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Who Gets In? What's behind good grades, test scores?
Wednesday, February 15, 2006

Grace Bacharach has a lineup of college-level courses she plans to take before graduating from Oakland Catholic High School next year.

Robin Rombach, Post-Gazette
Grace Bacharach.
Click photo for larger image.

Grace, 17, a junior, also is taking an SAT preparation course from The Princeton Review to get her standardized-test score as high as possible.

The high-honor student is trying to put herself in the best possible position for the competitive college admissions process -- and perhaps for an especially difficult-to-get slot in pharmacy school.

As college admissions officials tell it, she's doing a good job.

Grades and standardized-test scores remain the most important criteria in the college admissions process -- but it's the story behind them that matters most to admissions officials.

Christine Bell, associate provost and director of admissions at Carlow University, said a high grade-point average wasn't necessarily enough to pique her staff's interest.

She said admissions counselors want to see that students took rigorous courses in building the high GPA. If some of those courses correspond to the student's intended college major, so much the better.

Grace has all of that down pat. She's taking college-level chemistry this year and plans to take college-level biology, calculus, government and physics next school year.

With older siblings who have navigated the college admissions process, Grace said she was well aware that admissions officials look for rigor on high school transcripts.

Her older siblings took an SAT prep course, so Grace signed up, too. If the special problem-solving techniques boost her score, that could make all the difference in a crowded application pool.

Ms. Bell said Carlow also would look for signs of motivation and discipline, believing that students with those qualities will succeed in college, especially if they'll be living away from home for the first time.

If students show a record of improvement after a slow start in high school, that's a good sign, Ms. Bell said.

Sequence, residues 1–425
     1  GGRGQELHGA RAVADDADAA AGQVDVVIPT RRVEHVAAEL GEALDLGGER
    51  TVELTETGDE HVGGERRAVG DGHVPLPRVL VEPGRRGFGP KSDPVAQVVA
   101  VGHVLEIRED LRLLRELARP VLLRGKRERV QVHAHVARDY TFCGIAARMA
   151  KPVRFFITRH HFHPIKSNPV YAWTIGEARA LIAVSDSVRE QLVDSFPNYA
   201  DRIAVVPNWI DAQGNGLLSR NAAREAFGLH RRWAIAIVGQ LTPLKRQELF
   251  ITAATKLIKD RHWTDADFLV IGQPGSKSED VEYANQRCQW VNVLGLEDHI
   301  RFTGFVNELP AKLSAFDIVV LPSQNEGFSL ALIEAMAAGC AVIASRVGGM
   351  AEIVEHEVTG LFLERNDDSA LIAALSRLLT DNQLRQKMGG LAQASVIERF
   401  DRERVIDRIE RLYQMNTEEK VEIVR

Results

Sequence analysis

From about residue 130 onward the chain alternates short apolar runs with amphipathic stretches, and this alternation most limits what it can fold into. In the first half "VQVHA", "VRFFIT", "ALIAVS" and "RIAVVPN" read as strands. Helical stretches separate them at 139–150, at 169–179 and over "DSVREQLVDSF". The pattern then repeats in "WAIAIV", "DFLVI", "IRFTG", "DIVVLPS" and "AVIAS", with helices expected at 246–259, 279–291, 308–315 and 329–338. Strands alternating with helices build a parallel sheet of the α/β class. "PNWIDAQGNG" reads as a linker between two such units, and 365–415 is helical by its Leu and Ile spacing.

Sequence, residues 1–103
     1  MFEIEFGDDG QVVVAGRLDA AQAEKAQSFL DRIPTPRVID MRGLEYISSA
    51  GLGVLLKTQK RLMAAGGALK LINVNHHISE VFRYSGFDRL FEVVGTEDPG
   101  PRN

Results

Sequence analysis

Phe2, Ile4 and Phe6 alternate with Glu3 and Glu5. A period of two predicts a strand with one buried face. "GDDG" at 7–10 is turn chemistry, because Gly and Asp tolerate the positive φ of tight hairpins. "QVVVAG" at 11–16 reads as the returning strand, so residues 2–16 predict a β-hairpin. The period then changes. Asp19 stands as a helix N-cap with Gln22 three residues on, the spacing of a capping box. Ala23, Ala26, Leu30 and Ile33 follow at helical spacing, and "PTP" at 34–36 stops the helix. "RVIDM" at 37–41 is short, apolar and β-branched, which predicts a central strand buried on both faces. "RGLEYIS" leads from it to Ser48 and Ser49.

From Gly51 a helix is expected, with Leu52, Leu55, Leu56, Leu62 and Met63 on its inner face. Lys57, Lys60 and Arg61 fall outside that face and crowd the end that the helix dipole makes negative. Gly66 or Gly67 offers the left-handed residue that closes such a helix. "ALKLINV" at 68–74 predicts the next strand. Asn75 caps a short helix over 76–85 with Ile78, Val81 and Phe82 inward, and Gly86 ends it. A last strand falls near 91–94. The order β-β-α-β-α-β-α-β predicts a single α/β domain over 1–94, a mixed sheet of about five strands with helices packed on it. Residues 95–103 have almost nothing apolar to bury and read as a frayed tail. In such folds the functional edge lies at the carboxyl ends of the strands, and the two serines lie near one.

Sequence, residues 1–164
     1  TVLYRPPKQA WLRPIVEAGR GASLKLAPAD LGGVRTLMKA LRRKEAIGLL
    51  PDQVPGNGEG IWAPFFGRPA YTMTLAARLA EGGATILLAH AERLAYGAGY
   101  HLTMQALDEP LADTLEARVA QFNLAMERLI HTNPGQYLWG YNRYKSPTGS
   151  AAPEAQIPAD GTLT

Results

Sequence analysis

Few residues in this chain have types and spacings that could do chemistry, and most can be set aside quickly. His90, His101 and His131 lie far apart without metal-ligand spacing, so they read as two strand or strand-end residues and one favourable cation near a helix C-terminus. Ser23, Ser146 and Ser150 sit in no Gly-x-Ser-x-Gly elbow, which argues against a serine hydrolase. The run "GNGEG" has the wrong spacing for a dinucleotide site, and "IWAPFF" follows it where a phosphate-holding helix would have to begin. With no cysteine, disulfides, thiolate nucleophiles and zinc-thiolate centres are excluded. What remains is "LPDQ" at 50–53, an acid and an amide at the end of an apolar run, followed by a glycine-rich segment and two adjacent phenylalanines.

But senior year matters, too, she said. If seniors let their grades slip, that may signal a lapse in dedication.

Robin Rombach, Post-Gazette
Kathleen Baker teaches the Princeton Review SAT prep class at Chatham College.
Click photo for larger image.
Ms. Bell said test scores are another way to evaluate a student, a way to test what the high school transcript shows.

"So we never look at just one or the other," she said.

Duquesne University sees high demand for slots in certain programs, such as pharmacy, and that makes high grades and test scores essential for admission, said Paul-James Cukanna, executive director of admissions.

In fact, he said, students applying to the pharmacy program now have to meet higher standards than applicants of earlier generations. Extracurricular activities may complement a student's academic record but don't ever compensate for it.

Duquesne not only looks at the rigor of a student's high school curriculum but also wants to see whether the student in other ways has built a foundation for college work.

A student intending to major in a science field, for example, should have taken a full sequence of related classes in high school.

Because so many prepared students apply for admission, he said, the school isn't likely to give a slot to a student who has catch-up work to do. He said there is no guarantee a student could transfer into a program once on campus, either.

Besides building a solid high school record, students might be wise to consider showing their potential in a college setting.

The state Department of Education made $5 million available to school districts this semester for "dual-enrollment" programs, which allow high school students to simultaneously earn high school and college credit for college-level courses. Classes are on college campuses, giving students an early taste of the college experience.

Terrence Carlin, assistant vice president for undergraduate admissions at Edinboro University of Pennsylvania, said such programs also give colleges a special opportunity to evaluate prospective freshmen. Instead of examining high-school transcripts and making educated guesses about student performance, admissions officials can review college grades and students' performance in a campus setting.

Dual-enrollment grades provide an extra tool for admissions counselors in an era when some high schools no longer rank students academically, even though many colleges continue to consider class rank in the admissions process.

In some cases, Mr. Carlin said, admissions officials will call a high school and try to get some idea of an applicant's rank. In other cases, he said, rank may be inferred from a student's GPA and course work.

Carnegie Mellon University uses minimum GPA and test scores to create a pool of prospective freshmen, then uses other factors to determine who gets in, said Michael Steidel, director of admissions. About 75 percent of applicants probably can do CMU work, he said.

Grace has attempted to position herself for this aspect of competition, too, taking part in a range of activities to show she's well rounded and devoted to community.

She has participated in lacrosse, swimming, tennis and student council. She's spent time with disabled children as a member of the Interact Club, and she's raised money for Habitat for Humanity. This summer, she plans to put on a tool belt and work at a Habitat job site.

First published on February 15, 2006 at 12:00 am
Joe Smydo can be reached at jsmydo@post-gazette.com or 412-263-1548.
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